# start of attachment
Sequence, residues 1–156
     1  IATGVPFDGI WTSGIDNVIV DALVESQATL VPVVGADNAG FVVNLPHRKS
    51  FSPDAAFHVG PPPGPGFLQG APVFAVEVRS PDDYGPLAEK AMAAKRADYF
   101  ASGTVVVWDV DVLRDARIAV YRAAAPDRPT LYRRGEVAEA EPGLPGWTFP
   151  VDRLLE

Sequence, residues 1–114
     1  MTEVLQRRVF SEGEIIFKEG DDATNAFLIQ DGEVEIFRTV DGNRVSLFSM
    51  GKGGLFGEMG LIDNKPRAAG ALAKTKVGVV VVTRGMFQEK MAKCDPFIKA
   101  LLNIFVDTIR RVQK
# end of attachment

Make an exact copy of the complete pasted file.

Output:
Sequence, residues 1–156
     1  IATGVPFDGI WTSGIDNVIV DALVESQATL VPVVGADNAG FVVNLPHRKS
    51  FSPDAAFHVG PPPGPGFLQG APVFAVEVRS PDDYGPLAEK AMAAKRADYF
   101  ASGTVVVWDV DVLRDARIAV YRAAAPDRPT LYRRGEVAEA EPGLPGWTFP
   151  VDRLLE

Sequence, residues 1–114
     1  MTEVLQRRVF SEGEIIFKEG DDATNAFLIQ DGEVEIFRTV DGNRVSLFSM
    51  GKGGLFGEMG LIDNKPRAAG ALAKTKVGVV VVTRGMFQEK MAKCDPFIKA
   101  LLNIFVDTIR RVQK